MA, Stanford University
Teaching in the San Francisco Bay Area
Alissa is currently a teacher in the San Francisco Bay Area and Brightstorm users love her clear, concise explanations of tough concepts
MA, Stanford University
Teaching in the San Francisco Bay Area
Alissa is currently a teacher in the San Francisco Bay Area and Brightstorm users love her clear, concise explanations of tough concepts
Solving an equation and finding the value of the variable requires "undoing" what has been done to the variable. We do this by using inverse operations to isolate the variable. Remember that an equation is two expressions that are equal to each other. This means that when using inverse operations to isolate the variable, what is done to one side of the equation has to be done to the other side as well so that the equation stays balanced. In an equation, if "x" is in the denominator, start by multiplying both sides by x. This way, the "x" gets cancelled out from the denominator. Now you can solve the rest of the equation by continuing to use inverse operations. Make sure to keep in mind that any operation you do to one side of the equation, you must do to the other side as well. After solving for the variable, check your answer by plugging the value into the original equation. If the equation is true -- meaning the left side of the equation equals the right side of the equation -- then the solution is correct.
One of the more difficult solving equations problems that you'll see in single step equations is when x is in the denominator of the fraction and it's weird because not only do you have a fraction but x is in the bottom. But don't freak out, what this means is that 90 divided by some number gives you the answer 12. And the way you can get that x by itself is by undoing what's happening to it now.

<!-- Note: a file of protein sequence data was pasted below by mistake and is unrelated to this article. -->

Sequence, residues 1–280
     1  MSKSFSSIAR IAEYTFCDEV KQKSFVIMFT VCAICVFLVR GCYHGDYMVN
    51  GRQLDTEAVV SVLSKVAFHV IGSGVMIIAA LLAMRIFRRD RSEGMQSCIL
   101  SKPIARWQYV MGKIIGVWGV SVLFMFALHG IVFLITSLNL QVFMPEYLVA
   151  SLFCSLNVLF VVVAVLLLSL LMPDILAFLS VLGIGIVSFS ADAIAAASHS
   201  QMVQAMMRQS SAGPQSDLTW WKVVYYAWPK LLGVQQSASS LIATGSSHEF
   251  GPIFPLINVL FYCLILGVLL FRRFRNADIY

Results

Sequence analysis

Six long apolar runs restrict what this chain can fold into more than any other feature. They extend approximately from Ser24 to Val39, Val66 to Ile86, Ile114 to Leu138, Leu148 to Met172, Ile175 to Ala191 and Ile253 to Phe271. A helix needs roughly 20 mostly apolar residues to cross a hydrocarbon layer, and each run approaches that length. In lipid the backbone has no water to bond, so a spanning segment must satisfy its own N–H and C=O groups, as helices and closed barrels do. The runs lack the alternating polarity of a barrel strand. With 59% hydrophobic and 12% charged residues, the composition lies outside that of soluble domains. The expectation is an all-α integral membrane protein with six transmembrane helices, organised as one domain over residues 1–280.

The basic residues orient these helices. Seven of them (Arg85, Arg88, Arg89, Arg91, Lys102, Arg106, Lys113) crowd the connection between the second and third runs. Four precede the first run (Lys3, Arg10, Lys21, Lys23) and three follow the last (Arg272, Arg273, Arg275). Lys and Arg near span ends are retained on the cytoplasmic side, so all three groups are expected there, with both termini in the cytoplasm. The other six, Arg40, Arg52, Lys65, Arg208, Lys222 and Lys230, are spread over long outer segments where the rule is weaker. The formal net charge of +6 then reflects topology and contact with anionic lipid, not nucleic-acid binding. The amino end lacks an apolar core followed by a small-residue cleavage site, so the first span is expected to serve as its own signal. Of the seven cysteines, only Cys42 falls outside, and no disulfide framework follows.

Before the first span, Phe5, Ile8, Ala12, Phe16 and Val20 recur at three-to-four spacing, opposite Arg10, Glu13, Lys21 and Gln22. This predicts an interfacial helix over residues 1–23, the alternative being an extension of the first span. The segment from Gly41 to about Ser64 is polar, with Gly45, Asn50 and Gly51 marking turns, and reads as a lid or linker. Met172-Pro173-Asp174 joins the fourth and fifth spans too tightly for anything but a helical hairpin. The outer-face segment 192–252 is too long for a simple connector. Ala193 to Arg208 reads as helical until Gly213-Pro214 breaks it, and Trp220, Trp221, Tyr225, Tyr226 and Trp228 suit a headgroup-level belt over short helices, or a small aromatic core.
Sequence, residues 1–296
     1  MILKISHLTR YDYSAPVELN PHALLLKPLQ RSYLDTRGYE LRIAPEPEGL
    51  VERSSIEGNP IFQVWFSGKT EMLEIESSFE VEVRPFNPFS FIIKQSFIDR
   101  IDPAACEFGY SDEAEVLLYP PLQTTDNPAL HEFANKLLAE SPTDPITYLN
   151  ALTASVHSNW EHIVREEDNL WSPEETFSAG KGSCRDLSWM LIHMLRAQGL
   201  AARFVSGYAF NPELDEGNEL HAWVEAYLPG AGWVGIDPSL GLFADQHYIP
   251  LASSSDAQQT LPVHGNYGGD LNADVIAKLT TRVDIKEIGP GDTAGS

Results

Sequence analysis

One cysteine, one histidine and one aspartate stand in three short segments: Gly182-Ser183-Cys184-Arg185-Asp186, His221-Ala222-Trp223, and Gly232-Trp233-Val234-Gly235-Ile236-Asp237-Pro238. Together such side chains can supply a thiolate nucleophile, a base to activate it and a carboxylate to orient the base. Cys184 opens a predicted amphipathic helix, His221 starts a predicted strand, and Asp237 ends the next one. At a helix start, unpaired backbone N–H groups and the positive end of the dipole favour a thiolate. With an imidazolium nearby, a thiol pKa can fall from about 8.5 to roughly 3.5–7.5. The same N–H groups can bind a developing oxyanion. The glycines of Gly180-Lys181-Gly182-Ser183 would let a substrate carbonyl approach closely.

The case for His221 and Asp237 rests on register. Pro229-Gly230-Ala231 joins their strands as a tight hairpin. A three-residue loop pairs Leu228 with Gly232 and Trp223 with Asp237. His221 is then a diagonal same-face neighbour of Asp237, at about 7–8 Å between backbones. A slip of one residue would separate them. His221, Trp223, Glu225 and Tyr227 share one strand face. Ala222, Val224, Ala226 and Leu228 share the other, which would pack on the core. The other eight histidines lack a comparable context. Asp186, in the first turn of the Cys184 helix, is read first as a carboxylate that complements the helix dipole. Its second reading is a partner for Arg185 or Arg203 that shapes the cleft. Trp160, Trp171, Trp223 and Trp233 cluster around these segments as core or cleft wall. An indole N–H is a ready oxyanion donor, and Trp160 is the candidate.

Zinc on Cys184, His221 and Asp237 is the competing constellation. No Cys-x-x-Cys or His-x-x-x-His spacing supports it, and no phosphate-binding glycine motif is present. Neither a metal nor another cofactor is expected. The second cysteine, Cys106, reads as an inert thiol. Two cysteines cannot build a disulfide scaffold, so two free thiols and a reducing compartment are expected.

So right now 90 is dividing x, I'm going to do the opposite which is multiplying both sides by x/1. So now those Xs cancel out and I'm left with 12x equals 90. That's an equation that I'm a lot more comfortable with because now there's no fraction going on, there's no division. To get x all by itself I need to undo that 12 times x business so now I have x equals 90/12 and depending on your textbook and your teacher that might be the appropriate final answer. A lot of textbooks say use your calculator to simplify or reduce all fractions. Since I'm a Math teacher I would make my students reduce that fraction. I want to show you how to do that.
First thing you do is in your brain you think about what number multiplies into 12 and into 90 and there's a couple of right answers. The first one that came to my brain was 3, so I'm going to divide both sides by 3 and I'll have, excuse me, divide top and bottom by three. That will give me 30/4 which again is not the most simple answer because there's still another number that goes into 30 and 4. That number is 2 so I need to divide by 2/2 and I'll get 15/2. That's my fractional answer that's most simplified. You might grab a calculator and turn that into 7.5. It's totally up to you and your teacher what form you leave it in.
Before we move on please make sure you check your solution. So go back to the original problem where we had, let's see 12 equals 90 over 15/2. That's ugly but don't freak out when you're dividing fractions that's the same thing as multiplying by the reciprocal right? So on this side I could simplify by doing 90 times the reciprocal. 12 is going to be equal to 90 times the reciprocal, so that's 2 on top of 15. I'm hoping 12 is equal to 180 divided by 15 and then if I'm right I'll be a happy camper. Let's just double check 180 divided by 15 you do indeed get 12. So that's how I know that I got 15/2 as the correct answer.
So the key to this problem, this type of problem where you have x in the denominator, is to do the opposite which is multiplying both sides by x.
Unit
Solving Equations